German court delays neo-Nazi trial

Beate Zschaepe due to be tried over complicity in 10 racist murders

German police carry barriers in front of the Munich regional court where the trial of  Beate Zschaepe, a member of the National Socialist Underground (NSU) is due to take place this week. Photograph: Michael Dalder/Reuters

German police carry barriers in front of the Munich regional court where the trial of Beate Zschaepe, a member of the National Socialist Underground (NSU) is due to take place this week. Photograph: Michael Dalder/Reuters

 

A Munich court said today it would postpone the start of the trial of a suspected neo-Nazi until May after Germany's Constitutional Court ruled that it must provide better access to foreign media.

The trial of Beate Zschaepe over complicity in 10 racist murders had been due to start on Wednesday. The court had allocated 50 seats to all media on a first-come-first-served basis, but none went to Turkish journalists, despite the fact that 8 of the victims were ethnic Turks.

The others, targeted by what authorities identified as an underground neo-Nazi cell known as the National Socialist Underground, were a Greek man and a German policewoman.

This prompted a Turkish newspaper to lodge a complaint which the German Constitutional Court in Karlsruhe upheld. "In view of the Constitutional Court ruling... a new accreditation process is necessary," the Munich court said in a statement, adding that it could not complete this process before April 17th.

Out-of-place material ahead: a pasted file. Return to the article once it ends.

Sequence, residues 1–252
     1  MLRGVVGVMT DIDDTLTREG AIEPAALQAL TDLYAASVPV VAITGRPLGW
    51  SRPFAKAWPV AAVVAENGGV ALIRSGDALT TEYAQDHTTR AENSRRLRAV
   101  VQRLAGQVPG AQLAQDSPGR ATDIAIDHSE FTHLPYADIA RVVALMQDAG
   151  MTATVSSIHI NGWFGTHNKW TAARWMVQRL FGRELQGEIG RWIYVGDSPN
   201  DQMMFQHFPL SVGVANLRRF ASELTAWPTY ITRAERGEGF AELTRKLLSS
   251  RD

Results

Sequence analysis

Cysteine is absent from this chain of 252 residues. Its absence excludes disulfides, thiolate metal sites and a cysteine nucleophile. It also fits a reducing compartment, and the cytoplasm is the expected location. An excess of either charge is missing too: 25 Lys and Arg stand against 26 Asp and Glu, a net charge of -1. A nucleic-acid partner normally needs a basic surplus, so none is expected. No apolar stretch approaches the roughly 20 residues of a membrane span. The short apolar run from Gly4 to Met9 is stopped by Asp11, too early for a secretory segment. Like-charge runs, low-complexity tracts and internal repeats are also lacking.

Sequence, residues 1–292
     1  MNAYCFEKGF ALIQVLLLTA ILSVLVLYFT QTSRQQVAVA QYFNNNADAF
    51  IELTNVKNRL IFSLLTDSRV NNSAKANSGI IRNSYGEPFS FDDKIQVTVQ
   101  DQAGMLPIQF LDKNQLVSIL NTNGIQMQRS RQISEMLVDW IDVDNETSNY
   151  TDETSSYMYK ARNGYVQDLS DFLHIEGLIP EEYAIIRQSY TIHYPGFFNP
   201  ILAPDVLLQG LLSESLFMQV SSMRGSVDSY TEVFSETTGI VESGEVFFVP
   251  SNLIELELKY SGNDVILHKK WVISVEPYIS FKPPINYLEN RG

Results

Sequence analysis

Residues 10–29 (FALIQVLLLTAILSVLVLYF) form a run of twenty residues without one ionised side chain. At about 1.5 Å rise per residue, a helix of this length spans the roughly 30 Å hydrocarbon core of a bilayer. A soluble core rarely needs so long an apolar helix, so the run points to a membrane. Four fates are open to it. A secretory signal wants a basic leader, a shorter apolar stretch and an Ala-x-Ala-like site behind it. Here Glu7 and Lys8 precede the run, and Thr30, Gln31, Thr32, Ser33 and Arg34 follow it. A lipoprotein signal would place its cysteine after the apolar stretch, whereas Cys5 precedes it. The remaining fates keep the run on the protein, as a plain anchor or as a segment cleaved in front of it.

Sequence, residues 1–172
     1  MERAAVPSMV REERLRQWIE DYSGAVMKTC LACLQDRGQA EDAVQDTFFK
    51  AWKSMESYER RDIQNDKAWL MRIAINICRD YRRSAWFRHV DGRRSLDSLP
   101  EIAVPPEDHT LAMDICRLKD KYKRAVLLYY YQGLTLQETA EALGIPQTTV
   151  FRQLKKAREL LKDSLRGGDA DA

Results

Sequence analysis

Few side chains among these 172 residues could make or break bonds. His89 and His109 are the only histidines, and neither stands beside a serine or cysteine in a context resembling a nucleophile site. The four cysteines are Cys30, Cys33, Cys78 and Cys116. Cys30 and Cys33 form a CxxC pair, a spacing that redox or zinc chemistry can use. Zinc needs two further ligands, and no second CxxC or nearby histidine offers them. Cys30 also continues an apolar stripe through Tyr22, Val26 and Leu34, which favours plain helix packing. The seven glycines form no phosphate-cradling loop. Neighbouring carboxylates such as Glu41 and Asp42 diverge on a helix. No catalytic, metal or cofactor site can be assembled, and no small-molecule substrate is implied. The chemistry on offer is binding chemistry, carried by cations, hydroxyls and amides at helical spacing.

Beate Zschaepe, a 38-year-old member of the cell, was to appear in court this week alongside four other NSU supporters for the first time. The court's security protocol and media attention were reminiscent of the 1970s trials against the Red Army Faction terrorist group in Germany.

The crime spree came to light in November 2011 after Zschaepe's companions, Uwe Boehnhardt and Uwe Mundlos, took their own lives in a camper van in eastern Germany. The inquiry into this led to the discovery of the NSU, prompting investigators and politicians to ask how a right-wing terror cell could have operated underground for over a decade.

Chancellor Angela Merkel called the events, which led to a parliamentary investigation and scrutiny over Germany's patchwork of state-led counterintelligence bodies, a "disgrace for Germany" in November 2011.

Agencies